Fear that seismic testing will lead to drilling is what environmentalist, fishermen, and residents expressed in a public comment sessions for the Draft Environmental Statement for Seismic Testing on the Mid and South Atlantic.

The eighth and final meeting from the U.S Department of the Interior and the Bureau of Ocean Energy Management (BOEM) was held in the Atlantic City Convention Center to discuss the draft Programmatic Environmental Impact Statement (PEIS), on whether requests for deep water and off shore testing would be allowed and to what degree.

Jim Bennett, chief of the division of environmental assessment with the Bureau of Ocean Energy

Management says Bureau has eleven applications for geological and geophysical testing and the crux of the decisions will fall on whether to grant permits for the applications.


Noting the ultimate point of the public comments will be to help address environmental impacts that would be considered during the decision making process.

Bennett says things they will be looking from the public is “things that we did not capture, in our draft environmental statement. Information about impacts to fish resources, marine mammals, and other resources.”

If approved it would allow, amongst other things, seismic air gun testing along areas of the sea floor that in the past was not permitted and is a fear of environmentalists who fear the damage it could cause to marine life.

According BOEM, all authorized geological and geophysical activities in the Mid and South Atlantic would have to conduct exploration on oil and gas, renewable energy, and marine minerals.

However Sierra club New Jersey President Jeff Tittel called the BOEM’s claims that it would also enforce renewable energy and marine mineral research a smokescreen, noting the entire point of testing will be to drill for oil.

”We’re concerned that ‘Test Baby Test’ becomes ‘Drill baby Drill’ which becomes ‘Spill Baby Spill’, and our oceans are much to valuable for anything like that to happen.”

Tittel was just one of a dozen New Jersey Environmental groups who came in unison to speak against the possibility of air gun testing off the coast.



Jim Lovgren, representing the state’s commercial fisherman spoke about the damage seismic testing has on the marine life. Noting that much of the sea life for miles within the blasts is killed and the remaining is left severly damaged.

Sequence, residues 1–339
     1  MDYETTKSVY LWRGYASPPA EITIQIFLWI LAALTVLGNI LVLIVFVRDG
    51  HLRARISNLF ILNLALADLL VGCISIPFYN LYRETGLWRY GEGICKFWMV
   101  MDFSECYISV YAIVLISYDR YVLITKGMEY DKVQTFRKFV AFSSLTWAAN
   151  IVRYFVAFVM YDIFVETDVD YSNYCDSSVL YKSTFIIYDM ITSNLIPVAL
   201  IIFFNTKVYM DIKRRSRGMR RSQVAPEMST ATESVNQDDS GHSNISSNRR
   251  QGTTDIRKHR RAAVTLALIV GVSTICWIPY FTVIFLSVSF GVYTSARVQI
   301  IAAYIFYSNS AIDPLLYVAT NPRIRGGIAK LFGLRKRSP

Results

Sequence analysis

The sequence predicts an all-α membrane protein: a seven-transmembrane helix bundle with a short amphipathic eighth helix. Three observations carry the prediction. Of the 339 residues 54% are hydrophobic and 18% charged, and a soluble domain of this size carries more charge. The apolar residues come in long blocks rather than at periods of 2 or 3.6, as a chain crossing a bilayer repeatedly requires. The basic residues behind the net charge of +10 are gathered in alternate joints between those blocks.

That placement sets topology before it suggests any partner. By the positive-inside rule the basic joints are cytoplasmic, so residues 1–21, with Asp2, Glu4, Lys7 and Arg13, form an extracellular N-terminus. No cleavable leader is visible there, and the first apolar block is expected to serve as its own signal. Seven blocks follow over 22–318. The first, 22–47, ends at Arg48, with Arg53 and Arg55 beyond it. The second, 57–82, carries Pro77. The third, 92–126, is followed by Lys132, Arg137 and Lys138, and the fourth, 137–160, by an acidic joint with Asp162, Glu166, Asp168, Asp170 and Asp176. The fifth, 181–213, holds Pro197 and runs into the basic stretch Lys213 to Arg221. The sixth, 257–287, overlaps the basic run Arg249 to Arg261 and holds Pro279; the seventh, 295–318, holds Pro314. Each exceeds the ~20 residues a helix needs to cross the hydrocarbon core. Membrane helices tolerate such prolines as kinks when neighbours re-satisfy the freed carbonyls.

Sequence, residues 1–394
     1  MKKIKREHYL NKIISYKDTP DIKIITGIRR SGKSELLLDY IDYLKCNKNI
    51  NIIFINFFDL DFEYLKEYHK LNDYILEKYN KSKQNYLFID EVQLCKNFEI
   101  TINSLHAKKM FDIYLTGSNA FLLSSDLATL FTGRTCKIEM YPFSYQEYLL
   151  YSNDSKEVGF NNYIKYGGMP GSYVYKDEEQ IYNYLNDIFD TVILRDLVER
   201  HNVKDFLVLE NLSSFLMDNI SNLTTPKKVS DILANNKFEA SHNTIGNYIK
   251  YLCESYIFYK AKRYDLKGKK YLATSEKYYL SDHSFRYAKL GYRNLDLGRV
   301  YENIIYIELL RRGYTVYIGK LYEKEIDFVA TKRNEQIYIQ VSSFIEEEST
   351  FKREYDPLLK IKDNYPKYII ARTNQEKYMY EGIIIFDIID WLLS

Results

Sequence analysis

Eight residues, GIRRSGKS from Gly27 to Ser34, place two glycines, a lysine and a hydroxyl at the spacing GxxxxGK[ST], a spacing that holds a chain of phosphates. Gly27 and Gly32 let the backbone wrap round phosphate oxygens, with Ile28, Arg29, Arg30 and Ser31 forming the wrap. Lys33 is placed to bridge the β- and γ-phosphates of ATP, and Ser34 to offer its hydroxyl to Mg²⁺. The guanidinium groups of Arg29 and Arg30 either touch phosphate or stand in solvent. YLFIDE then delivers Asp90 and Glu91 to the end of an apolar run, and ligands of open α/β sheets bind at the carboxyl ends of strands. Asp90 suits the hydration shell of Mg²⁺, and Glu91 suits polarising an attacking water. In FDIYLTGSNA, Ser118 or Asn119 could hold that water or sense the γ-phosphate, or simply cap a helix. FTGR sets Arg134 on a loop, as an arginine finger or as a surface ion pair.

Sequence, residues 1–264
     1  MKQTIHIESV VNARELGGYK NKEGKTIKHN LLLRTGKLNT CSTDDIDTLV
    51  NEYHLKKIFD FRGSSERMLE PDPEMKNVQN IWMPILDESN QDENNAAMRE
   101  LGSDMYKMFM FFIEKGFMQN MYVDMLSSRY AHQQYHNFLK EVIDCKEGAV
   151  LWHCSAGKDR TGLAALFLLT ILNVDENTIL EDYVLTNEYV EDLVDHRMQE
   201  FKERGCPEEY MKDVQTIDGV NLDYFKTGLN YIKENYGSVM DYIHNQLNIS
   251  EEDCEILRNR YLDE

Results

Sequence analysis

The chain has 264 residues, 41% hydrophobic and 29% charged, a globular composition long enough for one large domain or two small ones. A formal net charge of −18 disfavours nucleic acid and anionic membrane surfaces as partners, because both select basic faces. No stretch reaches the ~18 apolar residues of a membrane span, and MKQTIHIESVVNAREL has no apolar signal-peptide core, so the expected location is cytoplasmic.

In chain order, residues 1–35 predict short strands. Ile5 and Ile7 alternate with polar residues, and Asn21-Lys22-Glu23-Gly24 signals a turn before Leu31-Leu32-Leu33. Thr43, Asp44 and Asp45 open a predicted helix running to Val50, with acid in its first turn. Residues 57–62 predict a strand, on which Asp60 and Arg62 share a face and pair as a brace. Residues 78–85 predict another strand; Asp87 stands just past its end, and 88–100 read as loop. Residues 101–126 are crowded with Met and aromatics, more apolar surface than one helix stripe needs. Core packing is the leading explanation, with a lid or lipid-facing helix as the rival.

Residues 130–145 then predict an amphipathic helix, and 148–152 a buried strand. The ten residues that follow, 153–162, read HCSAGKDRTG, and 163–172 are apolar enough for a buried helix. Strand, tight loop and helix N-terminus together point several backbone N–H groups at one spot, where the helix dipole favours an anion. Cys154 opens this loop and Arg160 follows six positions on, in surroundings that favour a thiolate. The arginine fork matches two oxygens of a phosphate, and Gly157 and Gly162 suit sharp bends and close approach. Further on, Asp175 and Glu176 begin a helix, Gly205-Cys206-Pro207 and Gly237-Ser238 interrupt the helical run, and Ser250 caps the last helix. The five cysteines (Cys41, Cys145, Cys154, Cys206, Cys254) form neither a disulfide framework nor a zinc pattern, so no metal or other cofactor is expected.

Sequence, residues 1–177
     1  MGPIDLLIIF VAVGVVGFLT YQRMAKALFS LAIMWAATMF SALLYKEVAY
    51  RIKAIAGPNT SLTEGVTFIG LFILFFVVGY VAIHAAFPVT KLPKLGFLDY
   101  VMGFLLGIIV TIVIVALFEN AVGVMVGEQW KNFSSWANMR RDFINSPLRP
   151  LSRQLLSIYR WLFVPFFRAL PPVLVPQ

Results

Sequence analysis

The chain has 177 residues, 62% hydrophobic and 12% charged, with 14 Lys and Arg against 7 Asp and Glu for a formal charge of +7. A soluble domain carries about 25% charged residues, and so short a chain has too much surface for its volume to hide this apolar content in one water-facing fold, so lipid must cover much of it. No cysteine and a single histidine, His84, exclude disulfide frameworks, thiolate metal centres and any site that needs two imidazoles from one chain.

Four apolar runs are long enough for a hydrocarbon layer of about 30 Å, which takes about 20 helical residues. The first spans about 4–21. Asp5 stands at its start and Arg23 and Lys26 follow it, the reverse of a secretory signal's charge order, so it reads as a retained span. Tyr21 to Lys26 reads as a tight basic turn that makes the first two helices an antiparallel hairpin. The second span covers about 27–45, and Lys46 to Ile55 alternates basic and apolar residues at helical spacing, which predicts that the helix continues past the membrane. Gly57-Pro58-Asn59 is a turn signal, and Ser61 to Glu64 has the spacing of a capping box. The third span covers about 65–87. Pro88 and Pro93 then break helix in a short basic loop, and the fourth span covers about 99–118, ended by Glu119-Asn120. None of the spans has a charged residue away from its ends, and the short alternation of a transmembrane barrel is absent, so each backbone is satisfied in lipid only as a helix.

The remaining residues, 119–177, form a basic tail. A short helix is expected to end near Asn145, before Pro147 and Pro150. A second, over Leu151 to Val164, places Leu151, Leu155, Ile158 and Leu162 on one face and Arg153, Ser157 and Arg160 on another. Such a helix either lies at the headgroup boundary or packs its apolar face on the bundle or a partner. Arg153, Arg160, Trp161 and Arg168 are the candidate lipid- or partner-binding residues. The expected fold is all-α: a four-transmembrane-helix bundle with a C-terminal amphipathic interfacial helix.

”In Australia scallop beds have died within two months of testing. They don’t die initially their immune system gets wiped out.” Lovgren added how something similar to that could cause severe economic damage locally.

“Scallop beds on the East Coast are the most important fishing. From New Jersey South you’re looking at 200 million dollars annual of dockside value of scallops. Economically you’re talking about a billion dollars the scallop industry is from New Jersey south is contributing to the economy and that is in danger from the seismic testing.”

He notes if BOEM approves the testing, it will be “hypocritical for one agency (BOEM) to come by and tell the oil industry they can nuke every dolphin and whale in the ocean, while the national fishery service takes my industry on a zero take on marine mammals.”

Cindy Zipf, executive director of Clean Ocean Action lead the group in a press conference before the meeting expressing how important it was for this to not come to pass.

“The Atlantic Ocean is a vibrant ecosystem that supports extraordinarily diverse marine life, which in turn supports a clean ocean economy for people that fish, dive, surf, swim, or just enjoy,” said Zipf. “We’ve worked hard to clean up our ocean. We will not stand by while our government opens the door to Big Oil. We are here to protect and defend our future,” she added

Sean Dixon, Clean Ocean Action’s Coastal Policy Attorney told the panel of the BOEM “This wasn’t about the price at the pump – this was about Big Oil making profits at the expense of the fishermen, businesses, and citizens of the Atlantic Ocean. Only two years after the BP Oil Disaster in the Gulf, Big Oil seems to think we’ve forgotten just how dangerous oil drilling can be,”

Geological and Geophysical activities that BOEM would review include coring, shallow test drilling, deep stratigraphic testing, controlled source electromagnetic surveys, and high resolution geophysical surveys including echo sounders, sidescan sonar and boomers.

The public comment and review portion, lasting until May 30th, considers all statements and will ultimately arrive at one of three alternatives.

Alternative A, which would have limited closure for habitats of the endangered Northern Right Whales, as well as add visual marine life protection, vessel avoidance, and marine trash awareness. Alternative B would build upon safety restrictions from Alternative A, expanding the closure of Right Whale habitats, as well as close off areas for nesting sea turtles in Central Florida, not allow simultaneous seismic surveys, and require acoustic monitoring of sea life instead of visual.

Alternative C, which is the one the majority of those in attendance in Atlantic City were in favor, would not permit testing in search of oil and gas, and maintain the status quo for renewable energy and marine mineral research.

According to Bennett, the BOEM expects to finalize the environmental impact statement later in the year, and there will be a record of the decision towards the end of the year.